This International Women’s Day is celebrated under the theme “Gender equality today for a sustainable tomorrow”, recognizing the contribution of women and girls around the world, who are leading the charge on climate change adaptation, mitigation and response to build a more sustainable future for all. As it also happens that March 3rd is Africa Environment Day, often celebrated under the name of “Wangari Maathai Day”. It’s called this way in recognition of the work and life of Professor Wangari Maathai. She dedicated her life to promoting environmental conservation and sustainable development in Africa and was the first African Woman to be awarded the Nobel Peace Prize.
Wangari was born in a small village in Kenya in 1940. Her family was Kikuyu, the most populous ethnic group in Kenya. When she was eight years old, her family sent her to school. This was an unusual opportunity for girls in Kenya at this time, but Wangari excelled and earned a scholarship that allowed her to travel to the United States and attend college. Maathai studied in Kansas and Pennsylvania, earning Bachelor of Science and Master in Biology.
In 1963 Kenya gained independence. She returned home in 1966 and dropped her forename, preferring to be known by her birth name, Wangarĩ Muta. She joined the University of Nairobi as a researcher and then lecturer in Veterinary Anatomy. In 1971, she became the first Eastern African woman to earn a PhD, her doctorate in Veterinary Anatomy. After that she continued to make history throughout her career, eventually becoming the first woman in the region to chair a department and the first to become an associate professor.
During her work at the university, Maathai fought for equal benefits for the women staff and even attempted to form a union out of the academic staff association. She was also worked with a number of civic organisations such as the Kenya Red Cross Society and the Kenya Association of University Women. When the Environment Liaison Centre was created she became its member and eventually board chair. The aim of the Environment Liaison Centre was to promote the participation of non-governmental organisations in the work of the United Nations Environment Programme (UNEP). Maathai also joined the National Council of Women of Kenya (NCWK). Her work at various volunteer associations made her realize that the root of most of Kenya’s problems was environmental degradation and resulted in the creation of the Green Belt Movement.
Wangari’s story shows a person who had to pay a lot for her choices. She was harassed, threatened, beaten and jailed. Nevertheless, she persevered, earning national and global recognition and eventually reaching great heights such as the position of a government minister. She made environmental issues not only a concern of Kenya’s but also Africa’s concern. In her job as a member of parliament and an assistant minister for the environment, she fought for women’s rights, democratic space, multipartyism, against corruption, land grabbing and misogyny.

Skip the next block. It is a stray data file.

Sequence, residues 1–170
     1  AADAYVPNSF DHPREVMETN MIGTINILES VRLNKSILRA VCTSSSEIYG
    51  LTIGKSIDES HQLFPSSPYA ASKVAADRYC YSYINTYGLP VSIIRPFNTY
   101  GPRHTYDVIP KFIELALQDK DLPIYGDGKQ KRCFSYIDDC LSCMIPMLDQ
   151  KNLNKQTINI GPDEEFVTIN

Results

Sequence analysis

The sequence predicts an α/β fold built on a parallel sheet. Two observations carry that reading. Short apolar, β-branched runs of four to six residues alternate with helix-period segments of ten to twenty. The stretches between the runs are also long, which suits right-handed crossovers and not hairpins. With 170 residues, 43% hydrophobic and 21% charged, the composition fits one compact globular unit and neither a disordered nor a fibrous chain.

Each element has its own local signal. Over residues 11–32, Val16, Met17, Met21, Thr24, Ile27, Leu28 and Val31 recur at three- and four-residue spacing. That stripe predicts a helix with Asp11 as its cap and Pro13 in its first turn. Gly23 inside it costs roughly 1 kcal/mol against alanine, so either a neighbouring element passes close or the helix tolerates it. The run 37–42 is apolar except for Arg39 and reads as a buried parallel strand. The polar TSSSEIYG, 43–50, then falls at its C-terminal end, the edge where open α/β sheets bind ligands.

Green Belt Movement
Faced with the extreme poverty of women in Kenya and the deforestation threatening her country, Wangari created a grassroots organization that trained and paid women to plant trees on their farms, churches and schools. This small, grassroots movement eventually grew, helping almost 900,000 women and planting more than 30 million trees. Less than 10 years after its foundation the Pan African Green Belt Network was created, bringing the principles of the Green Belt Movement to other African countries and helping them develop similar initiatives.
The Green Belt Movement aimed at the introduction of ecological thinking. It also helped empower communities through the organization of civic and environmental education opportunities such as Community Empowerment and Education seminars. They encouraged individuals to examine and change their political, economic and environmental circumstances. Thus the Green Belt Movement advocated for democratic space and more accountability from national leaders. It fought against land grabbing and the intrusion of agriculture into the forests, called for the release of political prisoners. Nowadays, it spread internationally to campaign and advocate on climate change, the importance of Africa’s rainforests in the Congo, to launch the mottainai campaign – the notions of “reduce, reuse, recycle” in Kenya and worldwide – and has partnered with the United Nations Environment Programme (UNEP) in its Billion Tree Campaign.
Nobel Peace Prize
Wangarĩ Maathai was awarded the 2004 Nobel Peace Prize for her “contribution to sustainable development, democracy and peace”. Her tremendous work made her the first African woman and the first environmentalist to win the Peace Prize. The Nobel peace prize recognition summarises her contribution with these words: “Maathai’s mobilisation of African women was not limited in its vision to work for sustainable development, but saw tree-planting in a broader perspective which included democracy, women’s rights, and international solidarity.”